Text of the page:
Wednesday, December 05, 2007

Don't Be Afraid to Change Your Mind

As anyone who reads this blog knows, I'm an outliner. I tend to know how the whole book is going to go by the time I start writing. I write an outline, fill in the details and then follow it.

Except...when I don't.

Yesterday I got almost nothing done because I didn't like the way a scene I'd written the day before tasted. It felt like there was something structurally wrong. So, before going to sleep I spent some time mentally going over the scene and looking for different ways to deal with it.

I ended up completely removing a major character from the scene and that has a series of cascading ramifications for the next two chapters. The new version is better. So, I changed the outline for those chapters and everything else that hinges off them. Then I went in and reset the foreshadowing to give the new stuff a better lead in.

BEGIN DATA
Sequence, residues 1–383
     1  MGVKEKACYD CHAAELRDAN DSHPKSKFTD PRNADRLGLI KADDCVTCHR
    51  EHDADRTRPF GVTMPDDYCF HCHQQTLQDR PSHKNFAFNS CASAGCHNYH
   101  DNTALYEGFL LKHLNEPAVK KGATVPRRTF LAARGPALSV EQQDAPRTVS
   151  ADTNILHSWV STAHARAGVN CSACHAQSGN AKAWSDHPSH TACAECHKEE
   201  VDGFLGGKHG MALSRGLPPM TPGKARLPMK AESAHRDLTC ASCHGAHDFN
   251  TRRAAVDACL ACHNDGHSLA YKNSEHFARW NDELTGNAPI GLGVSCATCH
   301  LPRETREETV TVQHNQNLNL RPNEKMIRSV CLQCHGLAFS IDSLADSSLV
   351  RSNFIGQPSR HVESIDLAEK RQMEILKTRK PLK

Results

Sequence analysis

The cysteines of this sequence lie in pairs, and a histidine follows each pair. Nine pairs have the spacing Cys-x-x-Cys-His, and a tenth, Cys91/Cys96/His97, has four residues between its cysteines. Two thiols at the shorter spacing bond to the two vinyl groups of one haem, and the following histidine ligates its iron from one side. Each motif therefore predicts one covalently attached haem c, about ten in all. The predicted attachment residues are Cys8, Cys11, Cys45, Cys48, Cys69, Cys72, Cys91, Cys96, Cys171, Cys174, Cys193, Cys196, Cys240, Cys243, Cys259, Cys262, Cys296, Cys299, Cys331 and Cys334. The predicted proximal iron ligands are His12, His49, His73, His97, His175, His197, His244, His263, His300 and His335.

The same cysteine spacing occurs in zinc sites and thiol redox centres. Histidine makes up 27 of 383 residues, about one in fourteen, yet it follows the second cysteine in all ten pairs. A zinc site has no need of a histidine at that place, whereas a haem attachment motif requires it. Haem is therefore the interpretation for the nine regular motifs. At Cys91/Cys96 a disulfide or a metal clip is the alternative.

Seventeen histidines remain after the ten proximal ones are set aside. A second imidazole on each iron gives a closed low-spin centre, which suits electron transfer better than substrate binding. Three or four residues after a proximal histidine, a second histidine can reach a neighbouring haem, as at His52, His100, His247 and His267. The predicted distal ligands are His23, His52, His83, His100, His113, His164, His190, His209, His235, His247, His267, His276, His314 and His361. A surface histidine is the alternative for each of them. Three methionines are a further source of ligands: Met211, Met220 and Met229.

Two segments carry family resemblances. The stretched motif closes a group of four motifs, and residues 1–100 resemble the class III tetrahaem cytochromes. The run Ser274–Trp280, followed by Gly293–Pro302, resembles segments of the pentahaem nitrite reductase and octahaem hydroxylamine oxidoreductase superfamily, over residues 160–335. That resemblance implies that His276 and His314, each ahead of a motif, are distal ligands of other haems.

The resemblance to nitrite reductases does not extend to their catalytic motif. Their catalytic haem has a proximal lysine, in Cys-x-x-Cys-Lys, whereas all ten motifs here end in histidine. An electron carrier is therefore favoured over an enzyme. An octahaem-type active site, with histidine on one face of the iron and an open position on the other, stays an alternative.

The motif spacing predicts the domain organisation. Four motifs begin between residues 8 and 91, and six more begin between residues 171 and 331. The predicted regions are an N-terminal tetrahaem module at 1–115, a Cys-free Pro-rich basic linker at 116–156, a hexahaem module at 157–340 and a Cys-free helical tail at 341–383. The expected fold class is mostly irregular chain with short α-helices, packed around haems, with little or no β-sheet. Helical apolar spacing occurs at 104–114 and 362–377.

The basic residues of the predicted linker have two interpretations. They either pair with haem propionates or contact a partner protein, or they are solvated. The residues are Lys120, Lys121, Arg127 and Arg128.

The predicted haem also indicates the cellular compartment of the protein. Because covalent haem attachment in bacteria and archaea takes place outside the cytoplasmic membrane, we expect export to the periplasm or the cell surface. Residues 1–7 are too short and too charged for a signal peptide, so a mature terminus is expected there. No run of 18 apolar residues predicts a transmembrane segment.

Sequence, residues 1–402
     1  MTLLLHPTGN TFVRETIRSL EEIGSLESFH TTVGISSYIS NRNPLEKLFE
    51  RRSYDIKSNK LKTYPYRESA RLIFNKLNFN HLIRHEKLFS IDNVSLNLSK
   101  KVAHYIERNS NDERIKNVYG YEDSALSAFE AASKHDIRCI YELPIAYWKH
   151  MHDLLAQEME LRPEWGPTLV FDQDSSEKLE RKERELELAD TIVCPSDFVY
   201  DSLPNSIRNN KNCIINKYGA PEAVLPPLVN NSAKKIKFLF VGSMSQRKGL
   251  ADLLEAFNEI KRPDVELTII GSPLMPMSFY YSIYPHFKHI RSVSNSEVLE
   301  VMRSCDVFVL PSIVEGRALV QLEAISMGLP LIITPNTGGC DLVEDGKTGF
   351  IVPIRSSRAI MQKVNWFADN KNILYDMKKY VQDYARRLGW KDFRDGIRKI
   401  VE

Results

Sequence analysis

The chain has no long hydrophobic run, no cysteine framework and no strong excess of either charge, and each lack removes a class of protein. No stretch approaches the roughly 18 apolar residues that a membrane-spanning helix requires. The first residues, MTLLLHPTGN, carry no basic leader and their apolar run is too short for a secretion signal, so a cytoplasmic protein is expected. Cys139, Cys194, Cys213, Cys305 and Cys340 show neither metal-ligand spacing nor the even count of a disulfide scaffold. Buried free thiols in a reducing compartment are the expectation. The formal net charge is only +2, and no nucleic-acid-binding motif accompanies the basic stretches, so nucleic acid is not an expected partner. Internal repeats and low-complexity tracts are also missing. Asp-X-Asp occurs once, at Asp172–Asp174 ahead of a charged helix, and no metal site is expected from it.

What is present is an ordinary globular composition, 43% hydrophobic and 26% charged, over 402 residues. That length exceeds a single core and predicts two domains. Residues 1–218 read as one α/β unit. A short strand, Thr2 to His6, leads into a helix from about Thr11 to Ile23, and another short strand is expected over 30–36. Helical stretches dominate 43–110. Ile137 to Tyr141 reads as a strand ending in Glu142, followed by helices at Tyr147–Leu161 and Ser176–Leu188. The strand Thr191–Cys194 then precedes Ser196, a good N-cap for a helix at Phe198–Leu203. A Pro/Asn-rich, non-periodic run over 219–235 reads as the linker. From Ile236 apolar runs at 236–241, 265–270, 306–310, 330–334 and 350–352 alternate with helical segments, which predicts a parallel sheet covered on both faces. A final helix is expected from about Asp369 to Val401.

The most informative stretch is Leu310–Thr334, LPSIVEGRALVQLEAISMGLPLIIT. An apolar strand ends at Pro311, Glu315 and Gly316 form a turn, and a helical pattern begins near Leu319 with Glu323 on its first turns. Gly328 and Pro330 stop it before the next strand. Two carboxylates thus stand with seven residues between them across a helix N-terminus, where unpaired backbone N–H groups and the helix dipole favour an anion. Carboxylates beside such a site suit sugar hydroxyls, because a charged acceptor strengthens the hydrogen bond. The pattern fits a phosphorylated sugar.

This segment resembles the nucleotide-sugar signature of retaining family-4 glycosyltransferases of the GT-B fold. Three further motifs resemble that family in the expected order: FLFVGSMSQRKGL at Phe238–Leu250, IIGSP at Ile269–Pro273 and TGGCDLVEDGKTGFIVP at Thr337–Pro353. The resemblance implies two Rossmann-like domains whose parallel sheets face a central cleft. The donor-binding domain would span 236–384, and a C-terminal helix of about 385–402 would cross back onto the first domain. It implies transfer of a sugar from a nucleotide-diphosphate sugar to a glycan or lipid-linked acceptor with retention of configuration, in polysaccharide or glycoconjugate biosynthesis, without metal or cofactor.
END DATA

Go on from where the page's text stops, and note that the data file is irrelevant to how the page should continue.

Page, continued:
If something isn't working, don't be afraid to change your mind and do something else that does. An outline is just a tool. So is any method used to envision the story in advance. Don't get too tied to your tools.


Anonymous said...

Great advice, as always, Kelly.

An outline is just a tool.

Folksinger Ani DiFranco does this one song that ends thusly:

'cause every tool is a weapon -
if you hold it right

And that's what I thought of when I read this post. If I sort-of "wake up" and realize that I'm holding an outline over a manuscript like a bludgeon, it's time to switch up positions. :)

Kelly McCullough said...

That's awesome, Jen. Mad props for a perfectly deployed quote.